Flic Hub with Mac app

  • FlicTeam

    @ddcaruso7 Don't worry about flooding with questions.

    • First, start by verifying that the Flic Hub is connected to the same network. Go into the settings view of the Flic app while connected to a hub and see what IP you have. The first 3 numbers should match your Mac's IP. You can also try the "TEST INTERNET ACCESS" button. Also, try to execute the action manually from within the app (by pressing the three-dot-icon next to the action). This is to rule out if there are any troubles with the connection between the Flics and the Hub. After doing this, if still not working, check in the terminal window on the mac to see if the program has output any error messages.

    • Regarding the IP, you are correct that it can change, and it would be an issue in that case. I forgot to mention it, because usually the router will give the same address to the same computer, but it is possible that your router to re-use addresses for other devices.

      Anyhow, to solve this, you can set a Static (permanent) IP in your mac settings. You can have a look at this guide: https://www.linksys.com/my/support-article?articleNum=142254 . Only change the IPv4 address field and the first 3 numbers must match the old address. So if you had, you can set it manually to, for example, Use a last number in the range of 10-250.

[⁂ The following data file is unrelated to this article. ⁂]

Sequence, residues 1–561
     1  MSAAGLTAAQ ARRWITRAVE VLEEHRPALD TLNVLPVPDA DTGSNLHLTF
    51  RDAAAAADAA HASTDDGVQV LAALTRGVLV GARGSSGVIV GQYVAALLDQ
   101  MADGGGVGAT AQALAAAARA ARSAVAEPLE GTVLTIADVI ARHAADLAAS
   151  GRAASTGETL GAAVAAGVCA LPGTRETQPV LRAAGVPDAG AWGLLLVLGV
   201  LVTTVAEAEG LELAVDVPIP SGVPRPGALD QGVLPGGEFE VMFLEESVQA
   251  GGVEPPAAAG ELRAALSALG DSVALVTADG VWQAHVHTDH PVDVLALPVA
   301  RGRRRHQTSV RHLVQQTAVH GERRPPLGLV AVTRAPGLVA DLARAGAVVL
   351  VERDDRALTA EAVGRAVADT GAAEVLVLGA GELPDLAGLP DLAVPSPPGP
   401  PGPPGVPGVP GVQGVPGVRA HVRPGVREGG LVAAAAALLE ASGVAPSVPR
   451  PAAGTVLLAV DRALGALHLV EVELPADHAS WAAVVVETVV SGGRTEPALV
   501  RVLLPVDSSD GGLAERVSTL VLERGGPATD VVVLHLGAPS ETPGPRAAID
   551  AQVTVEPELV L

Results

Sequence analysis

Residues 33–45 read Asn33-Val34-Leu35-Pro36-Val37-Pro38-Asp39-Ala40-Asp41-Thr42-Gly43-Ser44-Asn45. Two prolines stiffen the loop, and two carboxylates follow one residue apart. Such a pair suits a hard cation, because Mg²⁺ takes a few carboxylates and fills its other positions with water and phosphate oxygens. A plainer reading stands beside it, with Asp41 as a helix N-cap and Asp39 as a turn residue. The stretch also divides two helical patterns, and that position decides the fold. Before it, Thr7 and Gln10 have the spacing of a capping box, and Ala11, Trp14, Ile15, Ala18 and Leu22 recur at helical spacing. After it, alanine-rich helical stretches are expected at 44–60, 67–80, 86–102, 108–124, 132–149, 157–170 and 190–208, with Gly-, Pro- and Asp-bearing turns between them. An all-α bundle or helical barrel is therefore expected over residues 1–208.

• The server program I created does not support https. It could be updated to support it, but that I can't help you with right now.

    Hope it helps :)


  • @anton Sorry to flood you with questions and replies, but here goes: Because the IP address has changed, I went back to step 5 of your first set of instructions to see if that would work. It did, and the text edit program produced a number in response to searching on Safari from my phone. I then went back to step 5 of your second set of instructions, made sure that the request was correct, and pressed that flic button, but am getting no response from: 1. text edit, 2. terminal or 3. Hauptwerk (where I assigned the keystroke attached to that button). Am I missing a step or something? Not sure what is supposed to happen as a response from the Mac, but right now I'm not seeing anything, even though I verified the address through my phone. Help! Thanks, Diane